Why the ‘Downton Abbey’ theme song makes us drool

This is NOT my article. Source link can be found at the bottom of the post. I just loved the article!


By Diane Mapes

The characters, the costumes and the sumptuous trappings of post-Edwardian England have millions of viewers hooked on Downton Abbey. But equally addictive, it seems, is the British drama’s theme song by British composer John Lunn.

“Hearing that theme song makes me react like the ‘Desperado’ guy Elaine dated on Seinfeld,” says Gina Lindblad, a 34-year-old public relations rep from Seattle. “I just stop what I’m doing, take it all in and accept the fact that I’m going to be there a while. Watching ‘Downton Abbey’ is like drinking a really good pinot noir, eating amazing chocolate and getting a massage all at the same time.”

Rolling Stone calls the melody a “rapturous theme song that makes fans of Edwardian romance drool like Pavlov’s dogs.” And according to Shara Sand, a New York psychologist with a masters in music, the comparison’s not far off.

“What’s grabbing is there’s this constant pulsing rhythm,” she says. “The rhythm is really what’s driving the melody and people respond to that. There’s a momentum.”

They also respond to the “minor tonality” of the piece, which she says helps create an anticipatory reaction.


“Musically, it sets the listener on edge,” she says. “They’re waiting for it to resolve. In ‘Downton Abbey’s’ theme, the rhythm is driving and the melody comes in and there’s a soaring sense. It wants to take off and course when things take off, they have to land. That’s what people are waiting for – the resolution of the theme. The music gets you excited.”

So excited, she says, that we actually do respond like Pavlov’s dogs, psychologically drooling at the thought of more unexpected plot twists or witty barbs from Maggie Smith’s Dowager Countess.

“It’s an associative marker,” she says. “The music gets you revved up. You hear it from the kitchen you’re like, ‘Oh, I’ve got to watch!’ The music gets associated with the enjoyment of the series and that’s the Pavlovian response. It’s signaling that there’s good stuff to come.”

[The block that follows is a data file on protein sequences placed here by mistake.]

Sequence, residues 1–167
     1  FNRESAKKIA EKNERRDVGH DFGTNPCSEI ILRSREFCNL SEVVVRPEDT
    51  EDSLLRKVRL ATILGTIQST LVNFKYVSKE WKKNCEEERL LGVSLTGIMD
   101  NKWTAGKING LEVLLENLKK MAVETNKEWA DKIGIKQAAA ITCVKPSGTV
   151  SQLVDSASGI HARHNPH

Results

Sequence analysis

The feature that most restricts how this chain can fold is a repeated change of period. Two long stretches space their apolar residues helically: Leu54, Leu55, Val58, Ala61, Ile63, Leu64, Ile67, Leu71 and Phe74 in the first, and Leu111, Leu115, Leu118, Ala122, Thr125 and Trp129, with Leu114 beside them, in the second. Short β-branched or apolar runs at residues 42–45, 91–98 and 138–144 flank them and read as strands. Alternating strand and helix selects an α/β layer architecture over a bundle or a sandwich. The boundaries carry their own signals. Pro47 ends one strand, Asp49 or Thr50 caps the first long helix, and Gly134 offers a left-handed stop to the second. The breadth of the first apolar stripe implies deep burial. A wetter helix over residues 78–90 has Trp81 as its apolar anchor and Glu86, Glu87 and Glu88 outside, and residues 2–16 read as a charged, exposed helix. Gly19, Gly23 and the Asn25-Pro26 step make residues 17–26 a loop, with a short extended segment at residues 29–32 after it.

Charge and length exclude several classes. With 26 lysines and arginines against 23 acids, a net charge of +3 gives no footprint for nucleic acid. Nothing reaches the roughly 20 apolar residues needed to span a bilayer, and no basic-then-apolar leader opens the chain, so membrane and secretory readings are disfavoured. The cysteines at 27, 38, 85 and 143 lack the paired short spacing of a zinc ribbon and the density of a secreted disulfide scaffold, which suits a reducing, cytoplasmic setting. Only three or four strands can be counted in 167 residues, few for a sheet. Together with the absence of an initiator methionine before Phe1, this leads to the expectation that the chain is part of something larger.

Sand notes that part of our positive response also has to do with the fact the theme has a good beat – something that we respond to both physically and psychologically.

“As I was listening to it, I found my head bopping to the beat, my toe tapping,” she says. “Not all music does that. Our heart pumps blood, we have a pulse, we walk at a certain pace. There’s a rhythm and a pulse all around us. We’re not necessarily aware of it, but it consciously impacts us when we hear it. That’s why people like high energy music when they’re running or at the gym. Their body goes with it.”

As it turns out, viewers may have James Brown, the godfather of soul, to thank for the show’s driving beat.

In an interview with the UK’s Daily Record last September, “Downton’s” music composer Lunn revealed his love of funk from the late 1960s, citing James Brown and Sly and the Family Stone as inspirations. Bartok, Stravinsky and Bach are also influences, he said.

Sand, an associate professor of psychology at LaGuardia Community College, says composers, particularly those who write music for TV and movies, are often able to tap into universal feelings.

“There are instruments you can use that will create certain sounds, certain tempos, certain keys,” she says. “Elements of the musical structure can be used to create a psychological framework.”

The theme song for “Game of Thrones,” for instance, is “much more martial and militaristic” but she says it has a similarly strong underlying beat as ‘Downton’s’ theme.